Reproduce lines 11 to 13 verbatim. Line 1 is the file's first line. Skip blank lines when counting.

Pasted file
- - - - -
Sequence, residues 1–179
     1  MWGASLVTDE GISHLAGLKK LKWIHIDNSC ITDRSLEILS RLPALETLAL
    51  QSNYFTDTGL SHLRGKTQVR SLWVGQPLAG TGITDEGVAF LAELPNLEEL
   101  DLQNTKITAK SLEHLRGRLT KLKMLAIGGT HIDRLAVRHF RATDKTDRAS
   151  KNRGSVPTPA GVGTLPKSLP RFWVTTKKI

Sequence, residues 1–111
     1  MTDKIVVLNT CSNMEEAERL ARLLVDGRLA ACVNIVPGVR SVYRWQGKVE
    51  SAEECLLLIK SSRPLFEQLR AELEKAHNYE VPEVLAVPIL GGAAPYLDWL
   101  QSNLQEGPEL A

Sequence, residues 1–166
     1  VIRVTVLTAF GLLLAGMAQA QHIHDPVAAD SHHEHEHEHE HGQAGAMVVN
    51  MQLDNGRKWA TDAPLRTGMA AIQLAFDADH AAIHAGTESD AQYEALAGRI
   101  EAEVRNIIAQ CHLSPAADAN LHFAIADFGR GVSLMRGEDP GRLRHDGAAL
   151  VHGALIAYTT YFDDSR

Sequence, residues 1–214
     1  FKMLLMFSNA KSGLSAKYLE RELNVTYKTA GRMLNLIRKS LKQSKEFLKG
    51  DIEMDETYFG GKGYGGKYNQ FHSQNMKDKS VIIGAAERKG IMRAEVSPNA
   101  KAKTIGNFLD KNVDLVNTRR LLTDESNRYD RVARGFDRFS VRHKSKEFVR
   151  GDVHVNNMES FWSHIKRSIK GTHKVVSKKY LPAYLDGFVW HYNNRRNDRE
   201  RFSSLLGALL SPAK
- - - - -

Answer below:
     1  VIRVTVLTAF GLLLAGMAQA QHIHDPVAAD SHHEHEHEHE HGQAGAMVVN
    51  MQLDNGRKWA TDAPLRTGMA AIQLAFDADH AAIHAGTESD AQYEALAGRI
   101  EAEVRNIIAQ CHLSPAADAN LHFAIADFGR GVSLMRGEDP GRLRHDGAAL